The fallout of these heavy defeats was that the English selectors dropped Hutton from the side for the Old Trafford Test. At this, Bradman would have had a quiet chuckle to himself. Whenever his team piled up big scores and some people thought he delayed his declaration, he would remind them: “Remember when England scored 900 runs against us at the Oval?” Hutton was the main protagonist in that monumental innings in 1938, and Bradman never forgot those long hours in the field, towards the end of which he fractured his foot and could not bat in either innings. To make matters worse, Australia lost that Test, and Bradman had to be content with a drawn series. Another wheel in that saga had come a full circle.
Bradman, then, would have been delighted when England lost both their openers, Washbrook and George Emmett, Hutton’s replacement, with only 28 runs on the board. There was, though, a sombre moment soon with the score at 33, when Compton was struck on the head by a Lindwall bouncer, and had to retire. None of the other English batsmen was able to build an innings, and Compton returned to the crease at 119 for five, with stitches inserted to close the wound. In one of the most courageous displays in a Test match, Compton stood up to the speed of Lindwall and swing of Johnston; Miller did not bowl in this innings either.
Aided by the lower order, Compton carried his side’s score to 231 for seven at stumps. He was brilliant on the second day too, going on to hit up an unbeaten 145. None of his teammates managed more than 37 as England were all out for 363. Australia, however, found themselves in trouble with Johnson, opening in place of the injured Barnes, and Bradman falling cheaply. Morris scored a half-century but Australia folded up for 221. England had built up a sizeable lead at 174 for three at the end of the third day. Miller returned to the bowling crease, and incensed at Edrich having sent down bumpers at Lindwall earlier in the day, let the England batsman have it with four consecutive bouncers.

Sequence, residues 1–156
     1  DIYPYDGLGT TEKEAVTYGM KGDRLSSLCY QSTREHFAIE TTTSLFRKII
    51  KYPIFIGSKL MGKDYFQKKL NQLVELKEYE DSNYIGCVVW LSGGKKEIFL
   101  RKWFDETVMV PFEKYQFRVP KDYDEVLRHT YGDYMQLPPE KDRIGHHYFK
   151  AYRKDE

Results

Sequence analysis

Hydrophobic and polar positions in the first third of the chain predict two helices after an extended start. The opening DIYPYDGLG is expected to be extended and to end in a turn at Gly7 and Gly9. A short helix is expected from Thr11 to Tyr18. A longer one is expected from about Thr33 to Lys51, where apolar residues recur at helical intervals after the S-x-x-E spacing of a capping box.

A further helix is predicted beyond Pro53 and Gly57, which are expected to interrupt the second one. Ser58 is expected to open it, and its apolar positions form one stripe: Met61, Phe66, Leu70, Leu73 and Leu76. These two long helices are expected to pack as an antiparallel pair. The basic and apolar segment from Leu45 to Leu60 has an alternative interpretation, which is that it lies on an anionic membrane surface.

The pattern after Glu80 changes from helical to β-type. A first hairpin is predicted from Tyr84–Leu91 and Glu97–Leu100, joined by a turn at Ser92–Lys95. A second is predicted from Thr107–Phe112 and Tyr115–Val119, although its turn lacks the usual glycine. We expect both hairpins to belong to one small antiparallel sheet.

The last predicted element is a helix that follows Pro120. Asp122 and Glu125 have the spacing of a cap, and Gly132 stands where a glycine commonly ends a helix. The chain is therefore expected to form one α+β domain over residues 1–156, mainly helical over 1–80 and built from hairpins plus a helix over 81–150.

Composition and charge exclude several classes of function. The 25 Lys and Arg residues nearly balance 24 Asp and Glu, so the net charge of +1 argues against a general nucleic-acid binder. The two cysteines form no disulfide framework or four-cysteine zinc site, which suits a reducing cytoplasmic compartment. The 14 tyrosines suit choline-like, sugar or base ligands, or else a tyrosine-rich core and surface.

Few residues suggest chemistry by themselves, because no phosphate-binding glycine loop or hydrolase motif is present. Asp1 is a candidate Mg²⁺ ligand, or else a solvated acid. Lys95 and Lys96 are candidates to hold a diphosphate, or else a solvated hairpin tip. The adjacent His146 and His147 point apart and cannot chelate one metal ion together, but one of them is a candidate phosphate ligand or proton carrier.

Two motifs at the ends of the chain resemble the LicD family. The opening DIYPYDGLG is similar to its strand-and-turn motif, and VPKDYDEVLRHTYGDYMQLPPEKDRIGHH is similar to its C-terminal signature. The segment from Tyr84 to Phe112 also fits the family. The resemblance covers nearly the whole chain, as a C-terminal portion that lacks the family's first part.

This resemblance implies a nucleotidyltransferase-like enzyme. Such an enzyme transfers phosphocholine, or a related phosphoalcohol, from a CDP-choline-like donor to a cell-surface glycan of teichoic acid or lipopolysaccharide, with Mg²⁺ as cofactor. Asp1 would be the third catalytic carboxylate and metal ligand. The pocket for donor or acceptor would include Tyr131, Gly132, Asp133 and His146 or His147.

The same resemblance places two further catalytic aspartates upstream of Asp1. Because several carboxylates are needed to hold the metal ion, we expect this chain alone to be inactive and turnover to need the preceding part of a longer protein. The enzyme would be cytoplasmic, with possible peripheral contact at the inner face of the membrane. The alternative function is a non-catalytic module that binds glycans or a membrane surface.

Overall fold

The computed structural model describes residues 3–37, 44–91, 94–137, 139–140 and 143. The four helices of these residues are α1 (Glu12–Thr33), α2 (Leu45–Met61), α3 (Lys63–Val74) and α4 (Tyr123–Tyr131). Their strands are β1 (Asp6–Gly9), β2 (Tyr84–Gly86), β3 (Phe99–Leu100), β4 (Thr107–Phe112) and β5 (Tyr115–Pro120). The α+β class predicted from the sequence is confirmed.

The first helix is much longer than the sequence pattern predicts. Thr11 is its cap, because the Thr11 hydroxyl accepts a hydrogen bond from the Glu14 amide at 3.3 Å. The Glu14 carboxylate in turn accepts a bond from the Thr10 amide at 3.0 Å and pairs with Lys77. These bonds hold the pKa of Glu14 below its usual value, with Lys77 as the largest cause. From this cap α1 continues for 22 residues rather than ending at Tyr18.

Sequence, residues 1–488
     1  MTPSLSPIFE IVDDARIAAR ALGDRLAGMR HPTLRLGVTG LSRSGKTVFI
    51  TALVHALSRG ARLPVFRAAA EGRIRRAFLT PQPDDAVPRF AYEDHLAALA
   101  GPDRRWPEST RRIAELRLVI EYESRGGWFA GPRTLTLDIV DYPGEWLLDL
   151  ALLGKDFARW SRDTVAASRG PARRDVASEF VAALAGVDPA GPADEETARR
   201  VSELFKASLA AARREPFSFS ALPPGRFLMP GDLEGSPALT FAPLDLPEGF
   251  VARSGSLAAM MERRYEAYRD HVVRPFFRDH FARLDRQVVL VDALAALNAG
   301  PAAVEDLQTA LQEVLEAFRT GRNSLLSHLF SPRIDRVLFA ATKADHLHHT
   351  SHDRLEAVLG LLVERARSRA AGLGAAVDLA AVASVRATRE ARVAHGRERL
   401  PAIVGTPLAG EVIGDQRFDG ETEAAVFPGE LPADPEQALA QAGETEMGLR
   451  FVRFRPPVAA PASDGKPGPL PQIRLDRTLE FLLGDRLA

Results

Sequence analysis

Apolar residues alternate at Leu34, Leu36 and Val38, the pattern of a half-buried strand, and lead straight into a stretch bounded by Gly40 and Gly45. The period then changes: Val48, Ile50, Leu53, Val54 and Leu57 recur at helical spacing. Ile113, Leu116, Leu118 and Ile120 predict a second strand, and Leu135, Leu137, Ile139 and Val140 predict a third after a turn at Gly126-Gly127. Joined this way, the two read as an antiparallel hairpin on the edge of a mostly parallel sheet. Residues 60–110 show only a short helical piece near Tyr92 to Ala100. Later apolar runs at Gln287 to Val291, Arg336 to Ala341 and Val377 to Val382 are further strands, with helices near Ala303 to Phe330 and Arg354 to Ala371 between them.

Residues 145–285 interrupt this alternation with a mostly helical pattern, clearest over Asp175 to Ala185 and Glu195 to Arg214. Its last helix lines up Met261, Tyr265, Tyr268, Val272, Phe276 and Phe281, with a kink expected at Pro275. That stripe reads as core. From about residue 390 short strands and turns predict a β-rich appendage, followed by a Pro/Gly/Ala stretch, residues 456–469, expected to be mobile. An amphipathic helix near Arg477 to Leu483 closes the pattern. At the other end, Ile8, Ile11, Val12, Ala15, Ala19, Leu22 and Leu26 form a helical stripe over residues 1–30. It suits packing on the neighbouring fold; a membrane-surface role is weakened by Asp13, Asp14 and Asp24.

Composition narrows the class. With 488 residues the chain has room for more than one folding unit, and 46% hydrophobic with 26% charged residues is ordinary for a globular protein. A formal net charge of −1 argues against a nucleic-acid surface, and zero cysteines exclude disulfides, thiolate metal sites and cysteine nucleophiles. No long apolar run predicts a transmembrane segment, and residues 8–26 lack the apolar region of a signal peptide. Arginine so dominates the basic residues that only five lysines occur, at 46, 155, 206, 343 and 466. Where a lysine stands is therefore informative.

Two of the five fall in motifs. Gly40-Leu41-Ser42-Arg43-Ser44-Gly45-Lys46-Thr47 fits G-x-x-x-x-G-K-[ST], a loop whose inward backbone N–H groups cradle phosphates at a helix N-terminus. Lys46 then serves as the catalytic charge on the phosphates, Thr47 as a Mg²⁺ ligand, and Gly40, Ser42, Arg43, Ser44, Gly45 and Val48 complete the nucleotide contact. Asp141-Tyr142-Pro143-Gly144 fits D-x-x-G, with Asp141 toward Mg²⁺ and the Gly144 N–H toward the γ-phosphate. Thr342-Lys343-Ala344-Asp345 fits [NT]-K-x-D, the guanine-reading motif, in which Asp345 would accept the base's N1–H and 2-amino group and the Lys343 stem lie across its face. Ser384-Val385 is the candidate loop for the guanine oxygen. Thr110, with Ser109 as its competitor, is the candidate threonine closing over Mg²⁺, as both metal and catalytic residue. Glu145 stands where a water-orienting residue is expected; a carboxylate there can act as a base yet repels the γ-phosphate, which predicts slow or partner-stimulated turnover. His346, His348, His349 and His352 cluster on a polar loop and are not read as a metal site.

Then the fickle Manchester weather began to take over. The fourth day’s play was washed out, and Australia were faced with the daunting prospect of batting on a wet fifth-day pitch. Yardley had promptly declared, but fortunately for Australia just about two and a half hours of play was possible. Johnson was again out early, and Bradman was forced to carry out holding operations with Morris.
Fingleton pointed out: “Bradman, after every ball, walked down the pitch and energetically patted it, whereas, at the other end, Morris barely worried about it. This pitch was not bad. Something has happened to English pitches so that nowadays one rarely gets a bad one, and the turf certainly did not lift at Old Trafford this day. It was a sodden pitch, but Bradman’s exaggerated patting of it was as if to suggest that it was a nasty business. Not a single ball flew.” Bradman might have been extra cautious on that occasion, but the fact is that, along with Morris, he took his side to safety. He was unbeaten with 30 after two hours, Morris on 54, and Australia finished at 92 for one after 61 overs. It was a battle for survival that could easily have gone awry, but Bradman, exaggerated patting or not, had helped save the day. Old Trafford was to remain the only one of the ten grounds that he played Tests on, where he did not score a hundred at this level. In fact he never got beyond 30 here.
(Author Indra Vikram Singh can be contacted on email firstname.lastname@example.org).
Don’s Century’, published by Sporting Links, ISBN 978-81-901668-5-0.
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